Gathering and processing comparative data and statistics is a difficult – sometimes seemingly impossible – task. The experts working together with the ERICarts Institute have had long experience in developing indicators and statistical frameworks to harmonise the collection of data across Europe in areas such as public cultural expenditure, culture and employment and cultural participation. They have undertaken this work for UNESCO as well as for the EUROSTAT-LEG working groups.
Empirical research conducted by the ERICarts-Institute begins with a series of critical questions that are posed within cultural policy debate forums at the national and European levels or within different communities of researchers, artists or cultural workers. This starting point is crucial to ensure the collection of relevant comparative data and statistics which can help inform decisions made by these public and private sector actors as well as help to monitor certain trends, evaluate policy strategies or test theories.
The ERICarts Institute can assist in the production and analysis of data by:
One recent example from the ERICarts study “Culture-Gates” produced for the European Union:
Step 1: Critical Questions:
What is the status of women working in the field of the new media arts? Do women hold key decision-making positions as "gate-keepers"? Are there glass ceilings or impenetrable gates in their pursuit of recognition and/or success in this continuously developing field?
Step 2: Developing Indicators:
Indicators used to collect comparative data on the career paths of women working in the field of the new media arts. Download indicators
Step 3: Gathering Data in Different Countries:
National investigations were undertaken by partner institutions in Austria (Mediacult), Finland (EKVIT), Germany (ZfKf) and Portugal (OAC).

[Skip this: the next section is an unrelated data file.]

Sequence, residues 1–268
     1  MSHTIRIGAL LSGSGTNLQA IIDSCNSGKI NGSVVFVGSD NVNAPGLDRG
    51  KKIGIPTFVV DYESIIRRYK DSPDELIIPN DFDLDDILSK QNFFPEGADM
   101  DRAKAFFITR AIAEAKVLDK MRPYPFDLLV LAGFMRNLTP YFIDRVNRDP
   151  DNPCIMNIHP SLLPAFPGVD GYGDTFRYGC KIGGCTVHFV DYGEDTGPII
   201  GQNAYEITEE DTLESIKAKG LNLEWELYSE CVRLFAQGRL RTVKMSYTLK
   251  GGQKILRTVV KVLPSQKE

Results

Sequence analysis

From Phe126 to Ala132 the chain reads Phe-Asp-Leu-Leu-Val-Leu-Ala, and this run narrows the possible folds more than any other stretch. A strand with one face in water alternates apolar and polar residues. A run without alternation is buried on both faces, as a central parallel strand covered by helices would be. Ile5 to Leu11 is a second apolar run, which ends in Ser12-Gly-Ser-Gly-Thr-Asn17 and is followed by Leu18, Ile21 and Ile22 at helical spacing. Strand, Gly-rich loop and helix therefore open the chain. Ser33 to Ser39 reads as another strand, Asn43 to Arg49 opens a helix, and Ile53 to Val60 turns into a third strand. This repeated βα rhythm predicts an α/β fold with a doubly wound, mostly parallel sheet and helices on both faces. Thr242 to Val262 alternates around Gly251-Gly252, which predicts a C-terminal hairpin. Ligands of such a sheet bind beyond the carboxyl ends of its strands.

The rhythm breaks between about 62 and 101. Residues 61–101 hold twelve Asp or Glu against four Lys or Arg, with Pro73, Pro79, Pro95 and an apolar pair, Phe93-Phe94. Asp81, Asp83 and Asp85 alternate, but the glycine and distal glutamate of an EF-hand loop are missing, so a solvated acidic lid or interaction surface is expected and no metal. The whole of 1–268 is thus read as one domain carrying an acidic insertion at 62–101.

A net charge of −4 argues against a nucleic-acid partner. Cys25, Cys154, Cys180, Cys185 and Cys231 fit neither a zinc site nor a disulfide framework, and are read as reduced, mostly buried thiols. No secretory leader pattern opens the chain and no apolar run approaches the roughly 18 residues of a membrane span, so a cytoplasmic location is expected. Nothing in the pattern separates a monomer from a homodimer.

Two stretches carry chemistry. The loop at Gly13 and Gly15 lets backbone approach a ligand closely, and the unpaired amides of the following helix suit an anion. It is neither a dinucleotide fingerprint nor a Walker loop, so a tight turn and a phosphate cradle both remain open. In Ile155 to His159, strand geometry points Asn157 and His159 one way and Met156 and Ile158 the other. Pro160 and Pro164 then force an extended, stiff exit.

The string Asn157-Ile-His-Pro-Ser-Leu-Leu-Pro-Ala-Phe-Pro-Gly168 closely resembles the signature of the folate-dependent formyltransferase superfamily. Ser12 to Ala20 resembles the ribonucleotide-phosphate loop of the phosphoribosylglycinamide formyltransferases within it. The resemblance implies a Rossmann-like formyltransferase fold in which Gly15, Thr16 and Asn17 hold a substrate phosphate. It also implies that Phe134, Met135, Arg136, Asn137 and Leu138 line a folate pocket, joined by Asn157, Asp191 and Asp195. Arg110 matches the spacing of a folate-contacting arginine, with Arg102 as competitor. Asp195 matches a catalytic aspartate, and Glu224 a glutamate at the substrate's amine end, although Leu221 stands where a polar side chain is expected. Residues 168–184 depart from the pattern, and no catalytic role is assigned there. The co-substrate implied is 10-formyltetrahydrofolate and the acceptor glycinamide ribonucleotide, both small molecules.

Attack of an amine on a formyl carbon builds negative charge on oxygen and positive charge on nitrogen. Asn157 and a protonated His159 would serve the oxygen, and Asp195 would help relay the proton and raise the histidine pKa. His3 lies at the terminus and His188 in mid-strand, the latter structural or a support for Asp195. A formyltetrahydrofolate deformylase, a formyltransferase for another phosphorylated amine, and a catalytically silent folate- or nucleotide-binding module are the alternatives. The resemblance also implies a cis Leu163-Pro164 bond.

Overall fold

Step 4: Comparing Data across Countries:
Step 5: Interpreting Data:
Extract from Culture-Gates: “Women are well represented among the student population, and their share begins to rapidly decline when examining positions in the institutionalised side of the field of new media arts. Those setting the artistic canon, namely those artistic directors and professors of (new) media arts (the latter of which are under pressures to "publish or perish") are mainly men. This comes as somewhat of a surprise from the point of view that it is generally acknowledged that women are well recognised as major contributors and even pioneers who have left solid stakes framing the field of (new) media arts. The fact that the field is generally less "hierarchical" in structure in comparison to other fields such as music also led us to hypothesise that the status of women would be better. However, the main message to be heard from the results is that no matter the field, the old networks of power fall into place as soon as there are institutional (and financially interesting) mechanisms to house and breed them. This finding does not suggest a model of total anarchy, but urgently calls for more transparency and much closer attention and monitoring of institutional structures, hiring criteria and practices throughout the cultural labour market. If these discriminatory practices can happen in a new field such as (new) media arts, then one can safely assume that other areas of the cultural labour market follow a similar pattern, except of course in those fields which have already been proven to be feminised.
Step 6: Relevance for Policy Makers:
The recommendations are aimed at European and national policy makers, individual arts institutions and networks; some also address the self-perception of individual professionals, be they artists or "gate-keepers". They are based on national investigations producing both quantitative and qualitative information and data. Download recommendations .